Mclean Hospital

Secret Ingredients of OCD Research and Treatment

By Jason Elias, PhD

August 1, 2013

Last year, I heard a great story on the popular radio show “This American Life” about a family-owned sausage company that could no longer keep up with demand. In some ways, they already had what they wanted—a great business with a solid reputation that employed nearly two dozen of their neighbors. Their success and drive led them to take the risk, investing in the growth of their company, hoping that expansion would lead to more profit, more jobs in their community, and, most importantly, more sausage for everyone

They started by building a state-of-the-art factory and spared no cost to ensure that it was impeccably clean with precision instruments for spicing and perfect refrigeration. Everything seemed to be running smoothly but as any industry leader can tell you, a company will experience growing pains and discover plenty of unforeseen obstacles in their path to greatness and this particular company was no exception. Their moment came when they realized that despite all of the secret ingredients of their sausage recipe being included in the production process, the sausage just did not taste as good as it previously had.

McLean treatmentThey set about the task of interviewing every employee and carefully examining each step of production in hopes of resolving the problem. At the end of this extensive process, they were no closer to a solution when they realized someone was missing from their list of employees. One of their former employees decided to take a new job when they expanded and it was he who held the answer. In the older factory, this employee had the job of wheeling a cart full of uncooked sausages through several different boiler rooms and kitchens on his way to the smokehouse where he would cook the sausages. It turns out that this trip was an essential step in preparing the sausages for cooking and yet, because it was not an intentional step in the process, it went completely unnoticed when documenting the process of making sausage. In essence, this was a secret ingredient that they didn’t even know they had.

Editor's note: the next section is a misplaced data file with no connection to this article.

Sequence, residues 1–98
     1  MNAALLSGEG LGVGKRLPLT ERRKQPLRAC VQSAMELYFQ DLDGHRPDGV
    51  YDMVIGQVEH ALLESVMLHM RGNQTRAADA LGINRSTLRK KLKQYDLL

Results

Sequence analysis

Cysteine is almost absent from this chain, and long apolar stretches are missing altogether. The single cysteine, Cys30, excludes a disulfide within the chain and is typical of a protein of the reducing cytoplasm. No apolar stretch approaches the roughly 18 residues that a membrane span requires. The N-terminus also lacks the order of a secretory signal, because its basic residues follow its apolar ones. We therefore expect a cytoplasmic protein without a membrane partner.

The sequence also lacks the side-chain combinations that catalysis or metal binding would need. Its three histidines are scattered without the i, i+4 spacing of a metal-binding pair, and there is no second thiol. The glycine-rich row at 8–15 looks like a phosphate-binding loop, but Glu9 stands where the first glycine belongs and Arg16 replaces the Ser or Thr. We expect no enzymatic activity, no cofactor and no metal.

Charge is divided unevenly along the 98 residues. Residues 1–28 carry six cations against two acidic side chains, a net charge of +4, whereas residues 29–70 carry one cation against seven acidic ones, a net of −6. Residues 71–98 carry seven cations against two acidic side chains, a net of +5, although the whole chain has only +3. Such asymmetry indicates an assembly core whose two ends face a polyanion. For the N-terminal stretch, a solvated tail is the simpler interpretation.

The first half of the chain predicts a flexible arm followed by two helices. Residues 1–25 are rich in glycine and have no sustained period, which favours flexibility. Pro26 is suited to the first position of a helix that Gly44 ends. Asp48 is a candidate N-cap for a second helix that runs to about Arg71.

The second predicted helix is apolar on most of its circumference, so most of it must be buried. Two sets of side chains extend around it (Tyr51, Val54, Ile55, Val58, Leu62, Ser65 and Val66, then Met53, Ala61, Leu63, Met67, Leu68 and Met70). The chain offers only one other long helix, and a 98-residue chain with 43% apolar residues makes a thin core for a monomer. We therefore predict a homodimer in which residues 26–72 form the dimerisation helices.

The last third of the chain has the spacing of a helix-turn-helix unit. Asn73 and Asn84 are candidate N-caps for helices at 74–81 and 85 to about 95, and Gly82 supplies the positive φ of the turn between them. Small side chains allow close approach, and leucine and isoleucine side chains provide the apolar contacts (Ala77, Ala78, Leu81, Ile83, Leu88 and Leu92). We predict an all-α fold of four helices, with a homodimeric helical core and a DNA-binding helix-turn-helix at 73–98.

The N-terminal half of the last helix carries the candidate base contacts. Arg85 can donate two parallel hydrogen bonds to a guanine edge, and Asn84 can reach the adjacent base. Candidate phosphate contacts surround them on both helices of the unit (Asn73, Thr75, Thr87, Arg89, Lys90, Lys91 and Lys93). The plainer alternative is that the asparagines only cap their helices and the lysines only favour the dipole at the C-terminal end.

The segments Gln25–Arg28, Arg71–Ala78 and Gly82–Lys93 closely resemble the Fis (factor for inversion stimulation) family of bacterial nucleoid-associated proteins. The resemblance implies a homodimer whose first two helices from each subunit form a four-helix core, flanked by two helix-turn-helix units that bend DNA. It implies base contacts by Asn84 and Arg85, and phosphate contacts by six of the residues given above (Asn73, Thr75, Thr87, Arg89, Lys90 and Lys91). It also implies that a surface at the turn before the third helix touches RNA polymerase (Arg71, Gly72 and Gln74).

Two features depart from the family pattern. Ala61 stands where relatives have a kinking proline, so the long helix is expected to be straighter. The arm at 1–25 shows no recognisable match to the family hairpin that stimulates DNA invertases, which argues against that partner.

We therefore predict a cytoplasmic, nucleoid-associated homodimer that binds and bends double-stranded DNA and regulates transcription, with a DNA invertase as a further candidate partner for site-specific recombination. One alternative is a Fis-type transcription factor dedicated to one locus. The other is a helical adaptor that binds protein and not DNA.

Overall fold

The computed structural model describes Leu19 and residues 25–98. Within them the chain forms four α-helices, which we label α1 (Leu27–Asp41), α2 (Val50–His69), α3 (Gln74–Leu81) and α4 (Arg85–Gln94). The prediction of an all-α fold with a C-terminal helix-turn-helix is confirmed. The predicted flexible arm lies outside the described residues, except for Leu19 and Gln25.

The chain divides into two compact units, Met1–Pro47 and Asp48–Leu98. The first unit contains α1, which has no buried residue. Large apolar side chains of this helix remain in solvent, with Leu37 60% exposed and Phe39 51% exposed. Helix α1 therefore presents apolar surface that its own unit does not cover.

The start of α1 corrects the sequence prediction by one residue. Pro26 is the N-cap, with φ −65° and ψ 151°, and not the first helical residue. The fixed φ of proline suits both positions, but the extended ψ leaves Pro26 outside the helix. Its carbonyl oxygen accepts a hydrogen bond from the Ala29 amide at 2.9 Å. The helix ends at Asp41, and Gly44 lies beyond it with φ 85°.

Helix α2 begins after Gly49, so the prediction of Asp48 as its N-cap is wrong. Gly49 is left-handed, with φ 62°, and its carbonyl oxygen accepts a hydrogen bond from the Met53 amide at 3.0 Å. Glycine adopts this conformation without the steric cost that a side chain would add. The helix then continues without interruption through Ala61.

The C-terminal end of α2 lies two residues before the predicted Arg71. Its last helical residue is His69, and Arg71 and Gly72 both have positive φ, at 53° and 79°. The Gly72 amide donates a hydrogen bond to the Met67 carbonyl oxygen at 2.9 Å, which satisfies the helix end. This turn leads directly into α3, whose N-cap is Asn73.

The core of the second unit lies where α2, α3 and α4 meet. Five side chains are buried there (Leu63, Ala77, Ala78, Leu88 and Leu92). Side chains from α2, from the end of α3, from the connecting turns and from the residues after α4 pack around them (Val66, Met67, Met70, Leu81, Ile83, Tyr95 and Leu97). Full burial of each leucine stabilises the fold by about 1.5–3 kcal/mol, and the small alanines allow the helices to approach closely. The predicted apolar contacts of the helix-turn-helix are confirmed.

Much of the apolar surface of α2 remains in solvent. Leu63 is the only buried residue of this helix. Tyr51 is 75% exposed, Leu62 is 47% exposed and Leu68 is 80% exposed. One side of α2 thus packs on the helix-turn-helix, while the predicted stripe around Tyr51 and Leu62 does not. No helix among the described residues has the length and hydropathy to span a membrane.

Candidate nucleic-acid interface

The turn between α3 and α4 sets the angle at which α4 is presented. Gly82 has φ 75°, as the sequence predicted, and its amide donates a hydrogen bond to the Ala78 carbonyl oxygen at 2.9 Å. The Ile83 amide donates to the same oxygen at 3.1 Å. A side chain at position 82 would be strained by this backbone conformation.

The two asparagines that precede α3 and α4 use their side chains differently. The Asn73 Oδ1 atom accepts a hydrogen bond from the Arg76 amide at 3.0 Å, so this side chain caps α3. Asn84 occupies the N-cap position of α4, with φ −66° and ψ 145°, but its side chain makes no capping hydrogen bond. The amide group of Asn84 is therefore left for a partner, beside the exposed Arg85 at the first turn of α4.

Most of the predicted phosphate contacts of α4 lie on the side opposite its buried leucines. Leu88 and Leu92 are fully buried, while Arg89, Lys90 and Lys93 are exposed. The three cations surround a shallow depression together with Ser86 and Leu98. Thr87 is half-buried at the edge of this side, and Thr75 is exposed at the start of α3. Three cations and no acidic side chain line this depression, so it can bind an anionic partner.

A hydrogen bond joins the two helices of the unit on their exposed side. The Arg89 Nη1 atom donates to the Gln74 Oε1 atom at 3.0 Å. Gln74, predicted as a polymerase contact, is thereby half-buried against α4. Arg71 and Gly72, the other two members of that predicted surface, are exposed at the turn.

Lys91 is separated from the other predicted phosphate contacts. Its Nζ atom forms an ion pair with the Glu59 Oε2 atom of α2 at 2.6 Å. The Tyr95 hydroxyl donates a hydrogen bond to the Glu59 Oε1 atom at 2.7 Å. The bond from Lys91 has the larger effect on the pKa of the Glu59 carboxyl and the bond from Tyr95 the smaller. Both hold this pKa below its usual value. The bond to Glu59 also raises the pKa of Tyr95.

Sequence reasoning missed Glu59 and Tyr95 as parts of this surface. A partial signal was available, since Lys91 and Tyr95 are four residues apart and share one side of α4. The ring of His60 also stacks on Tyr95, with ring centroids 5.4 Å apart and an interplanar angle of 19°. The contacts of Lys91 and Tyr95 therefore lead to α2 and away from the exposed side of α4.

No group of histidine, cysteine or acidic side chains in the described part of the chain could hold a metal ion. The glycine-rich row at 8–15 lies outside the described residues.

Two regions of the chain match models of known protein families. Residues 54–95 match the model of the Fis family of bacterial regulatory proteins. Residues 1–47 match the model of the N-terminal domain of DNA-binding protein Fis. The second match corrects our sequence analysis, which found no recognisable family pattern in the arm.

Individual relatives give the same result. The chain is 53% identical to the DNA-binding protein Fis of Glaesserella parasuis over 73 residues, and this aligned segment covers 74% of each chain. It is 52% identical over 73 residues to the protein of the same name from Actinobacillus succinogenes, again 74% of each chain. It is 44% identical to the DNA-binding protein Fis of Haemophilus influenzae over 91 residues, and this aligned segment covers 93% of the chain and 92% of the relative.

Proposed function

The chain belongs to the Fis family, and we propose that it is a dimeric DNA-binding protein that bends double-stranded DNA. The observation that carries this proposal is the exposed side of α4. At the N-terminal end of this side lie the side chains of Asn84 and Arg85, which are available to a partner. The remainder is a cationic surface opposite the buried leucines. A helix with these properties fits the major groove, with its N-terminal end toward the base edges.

In every system, there are people and processes happening behind the scenes that can make a good thing into something great. These intangible qualities that can be absolutely essential yet few see them for what they are. This story reminds me of Christina Gironda’s contribution to the Office of Clinical Assessment and Research (OCAR) at the OCDI over the last four years. As research coordinator at the Obsessive Compulsive Disorder Institute (OCDI), Christina’s resourcefulness in meeting clinical and research objectives within a complex treatment program has been an essential ingredient to our success and to the collaborative, cross-disciplinary culture of research at the OCDI today. Christina took a job with us after college to help with clinical data collection and by the time she left the OCDI, she was responsible for so many aspects of our daily operations in the research office that it literally took us weeks of meeting with her to get a handle on everything, and we continue to learn about new things even after a few months!

This spring, Christina decided to move on to pursue her graduate degree in Social Work and a new position in a lab researching PTSD. We are so proud of her and excited about this new phase of her career. As a small tribute to the amazing work she has done with us, we wanted to devote this research update to Christina and reveal just a few of the very many “secret ingredients” she has been adding behind the scenes. Thank you, Christina, from all of us at the OCDI!

  • Served as ambassador for clinical assessment and research, making the process more visible and relevant in the eyes of our clinical staff and patients
  • Set aside her role as clinical researcher and acted as on-the-spot ERP (exposure and response prevention therapy) coach to help patients
  • Had a central role in creating an online system for tracking and compiling data so that our clinical staff could make better, more expeditious use of our findings
  • Helped create and debug a similar system that is now used across many McLean programs
  • Played an important role in implementing strategies that would allow the clinical and research missions at the OCDI to work together to benefit patient care